Heard: March 1, 2018.
received and sworn to in the Marlborough Division of the
District Court Department on January 8 and 14, 2015.
cases were tried before Michael L. Fabbri, J.
S. Arter for the defendant.
Lindsay Russell, Assistant District Attorney, for the
Present: Green, C.J., Sacks, & Shin, JJ.
convicted the defendant of assault and battery causing bodily
injury on a person sixty years of age or older, in violation
of G. L. c. 265, § 13K(b), and larceny of property with
a value exceeding $250 from a person sixty years of age or
older, in violation of G. L. c. 266, § 30(5). On appeal
she argues that the Commonwealth failed to prove that the
victim suffered a "bodily injury" within the
meaning of G. L. c. 265, § 13K(b), that her larceny
conviction cannot stand because the Commonwealth failed to
disprove her claim of honest yet mistaken belief, that the
prosecutor misstated the evidence in his closing argument,
and that her trial counsel was ineffective. Construing the
term "bodily injury," defined in G. L. c. 265,
§ 13K(a.), as an injury that considerably or
significantly compromises the usual functioning of any part
of a victim's body, we conclude that the evidence was
sufficient to support the defendant's conviction under
§ 13K(b). As we also reject the defendant's
remaining arguments, we affirm.
summarize the evidence and the reasonable inferences
therefrom in the light most favorable to the Commonwealth.
See Commonwealth v. Latimore, 378
Mass. 671, 676-677 (1979). The victim was born in 1936 and
met the defendant in 2007. Their relationship started as a
romantic one but evolved into "a friendship type
thing." Throughout the course of their relationship, the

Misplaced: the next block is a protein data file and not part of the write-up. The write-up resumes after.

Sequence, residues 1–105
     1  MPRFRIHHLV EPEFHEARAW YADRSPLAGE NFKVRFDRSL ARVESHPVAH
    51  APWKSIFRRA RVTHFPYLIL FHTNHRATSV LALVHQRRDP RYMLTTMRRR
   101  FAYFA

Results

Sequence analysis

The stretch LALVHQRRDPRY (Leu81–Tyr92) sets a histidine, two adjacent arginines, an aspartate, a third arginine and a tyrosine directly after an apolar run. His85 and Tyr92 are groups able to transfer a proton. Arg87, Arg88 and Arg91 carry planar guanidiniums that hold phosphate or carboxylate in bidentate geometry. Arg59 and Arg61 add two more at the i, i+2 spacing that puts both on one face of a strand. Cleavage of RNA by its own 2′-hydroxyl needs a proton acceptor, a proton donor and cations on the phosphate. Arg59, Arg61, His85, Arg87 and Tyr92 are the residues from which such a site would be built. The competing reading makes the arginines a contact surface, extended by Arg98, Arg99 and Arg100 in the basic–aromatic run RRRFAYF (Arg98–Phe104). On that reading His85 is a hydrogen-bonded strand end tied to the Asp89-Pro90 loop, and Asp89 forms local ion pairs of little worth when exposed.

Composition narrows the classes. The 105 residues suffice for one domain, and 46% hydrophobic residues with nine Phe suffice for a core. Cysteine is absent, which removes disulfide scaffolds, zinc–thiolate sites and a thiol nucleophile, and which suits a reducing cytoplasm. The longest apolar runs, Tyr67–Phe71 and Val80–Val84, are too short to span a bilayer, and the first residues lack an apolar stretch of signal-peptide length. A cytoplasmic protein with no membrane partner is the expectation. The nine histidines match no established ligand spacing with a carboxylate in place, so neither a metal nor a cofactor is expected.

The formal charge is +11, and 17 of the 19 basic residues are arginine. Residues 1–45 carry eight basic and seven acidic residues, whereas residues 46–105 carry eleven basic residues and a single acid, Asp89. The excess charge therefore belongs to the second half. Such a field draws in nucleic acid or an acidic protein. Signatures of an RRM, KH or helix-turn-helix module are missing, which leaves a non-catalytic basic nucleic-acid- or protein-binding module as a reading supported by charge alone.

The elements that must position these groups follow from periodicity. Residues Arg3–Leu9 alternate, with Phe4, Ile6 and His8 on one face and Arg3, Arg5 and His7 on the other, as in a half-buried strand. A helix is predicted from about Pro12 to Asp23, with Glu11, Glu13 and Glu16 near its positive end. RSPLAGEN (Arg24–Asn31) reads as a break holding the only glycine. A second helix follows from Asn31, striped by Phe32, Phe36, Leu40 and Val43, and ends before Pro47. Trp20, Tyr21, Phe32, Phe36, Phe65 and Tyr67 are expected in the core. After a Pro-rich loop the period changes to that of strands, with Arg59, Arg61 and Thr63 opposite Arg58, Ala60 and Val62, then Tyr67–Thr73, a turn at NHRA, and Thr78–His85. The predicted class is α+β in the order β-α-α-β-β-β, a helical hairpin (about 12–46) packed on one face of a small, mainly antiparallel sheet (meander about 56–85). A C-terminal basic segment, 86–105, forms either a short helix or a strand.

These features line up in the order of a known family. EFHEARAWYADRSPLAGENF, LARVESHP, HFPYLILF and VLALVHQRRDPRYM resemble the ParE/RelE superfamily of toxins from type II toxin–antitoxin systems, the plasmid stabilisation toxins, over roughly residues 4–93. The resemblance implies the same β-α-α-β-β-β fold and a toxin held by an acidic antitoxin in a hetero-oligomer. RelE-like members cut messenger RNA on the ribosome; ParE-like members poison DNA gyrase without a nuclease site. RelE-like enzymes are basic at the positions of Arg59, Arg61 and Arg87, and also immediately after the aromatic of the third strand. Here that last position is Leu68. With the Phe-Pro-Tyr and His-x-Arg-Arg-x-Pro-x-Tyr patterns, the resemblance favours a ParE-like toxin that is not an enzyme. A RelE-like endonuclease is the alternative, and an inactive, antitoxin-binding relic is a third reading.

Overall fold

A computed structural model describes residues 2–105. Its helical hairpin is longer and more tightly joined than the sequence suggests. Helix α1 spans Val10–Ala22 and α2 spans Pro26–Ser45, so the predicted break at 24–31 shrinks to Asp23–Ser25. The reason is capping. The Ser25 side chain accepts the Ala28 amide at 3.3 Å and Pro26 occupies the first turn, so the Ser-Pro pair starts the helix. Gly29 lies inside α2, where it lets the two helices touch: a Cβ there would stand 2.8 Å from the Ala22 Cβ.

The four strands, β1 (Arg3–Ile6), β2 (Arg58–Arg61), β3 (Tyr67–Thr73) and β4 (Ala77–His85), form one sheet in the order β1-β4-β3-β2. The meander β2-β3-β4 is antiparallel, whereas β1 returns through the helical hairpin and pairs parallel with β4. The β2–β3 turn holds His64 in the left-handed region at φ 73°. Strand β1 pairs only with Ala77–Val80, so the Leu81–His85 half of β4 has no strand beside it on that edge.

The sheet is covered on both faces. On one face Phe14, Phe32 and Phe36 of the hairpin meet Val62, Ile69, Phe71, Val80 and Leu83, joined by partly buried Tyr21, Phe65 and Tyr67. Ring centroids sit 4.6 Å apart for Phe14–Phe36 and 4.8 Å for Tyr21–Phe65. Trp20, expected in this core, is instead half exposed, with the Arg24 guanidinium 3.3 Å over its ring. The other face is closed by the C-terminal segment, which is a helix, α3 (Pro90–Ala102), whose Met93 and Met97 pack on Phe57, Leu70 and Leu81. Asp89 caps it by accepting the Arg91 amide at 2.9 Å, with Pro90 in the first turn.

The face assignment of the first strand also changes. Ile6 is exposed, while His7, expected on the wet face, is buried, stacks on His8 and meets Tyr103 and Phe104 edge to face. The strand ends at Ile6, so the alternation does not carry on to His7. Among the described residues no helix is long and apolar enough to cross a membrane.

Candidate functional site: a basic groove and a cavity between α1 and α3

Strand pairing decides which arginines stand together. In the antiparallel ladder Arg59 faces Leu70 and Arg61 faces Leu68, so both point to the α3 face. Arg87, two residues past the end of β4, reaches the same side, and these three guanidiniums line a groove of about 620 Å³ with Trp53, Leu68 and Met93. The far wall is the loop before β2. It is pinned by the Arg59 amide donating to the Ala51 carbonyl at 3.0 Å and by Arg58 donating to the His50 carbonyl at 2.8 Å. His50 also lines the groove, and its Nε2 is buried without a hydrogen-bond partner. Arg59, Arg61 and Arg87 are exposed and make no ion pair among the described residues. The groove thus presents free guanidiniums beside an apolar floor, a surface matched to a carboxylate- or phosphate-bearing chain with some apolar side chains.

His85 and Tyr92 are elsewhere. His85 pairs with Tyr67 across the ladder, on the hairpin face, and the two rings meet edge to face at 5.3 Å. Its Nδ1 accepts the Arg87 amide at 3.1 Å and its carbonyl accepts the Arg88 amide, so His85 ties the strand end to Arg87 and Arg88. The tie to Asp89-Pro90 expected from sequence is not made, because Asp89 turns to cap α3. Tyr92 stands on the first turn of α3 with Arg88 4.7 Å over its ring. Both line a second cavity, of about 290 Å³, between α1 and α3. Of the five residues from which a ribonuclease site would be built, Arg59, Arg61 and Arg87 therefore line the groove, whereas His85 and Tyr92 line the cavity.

defendant often stayed at the victim's home, sometimes up
to a week at a time.
November of 2013 to January of 2015, the victim noticed that
there were unauthorized withdrawals and other transactions on
each of his monthly debit card statements. In total, the
unauthorized charges amounted to several thousand dollars.
The victim had not given the defendant permission to use his
card during this period and questioned her multiple times about
the charges, telling her that he "was getting behind on
his bills." Each time, the defendant admitted using the
card but said that she did so only after checking the account
balance to ensure that enough funds were available.
December 12, 2014, while at the defendant's apartment,
the victim again questioned her about the money missing from
his account. As the victim was preparing to leave, the
defendant "blindsided" him and hit him from behind
with a "tremendous . . . blow," causing him to fall
to the hardwood floor. The victim "was in great
pain" and felt "a burning sensation in the lower
back and . . . hip area." He spent two to three hours at
the hospital, where he was diagnosed with an elbow abrasion
and hip contusion and was prescribed pain medication.
Although hospital staff wanted him to use a walker, the
victim declined because he wanted to stay as "mobile as
[he] possibly could."
to late December of 2014, the victim's neighbor observed
that he "seemed to be deteriorating as far as
walking"; he "was limping a lot," "seemed
to be in a lot of pain," and "would take . . .
about [fifteen] minutes to get up [a twenty- foot]
driveway." According to the neighbor, the victim did not
exhibit these symptoms during the first half of the month. An
officer investigating the incident in late December of 2014
likewise observed that the victim "was very slow, had a
limp, [and] looked like he was injured." Ultimately, it
took several weeks before the victim's pain subsided and
he started regaining mobility on his injured side.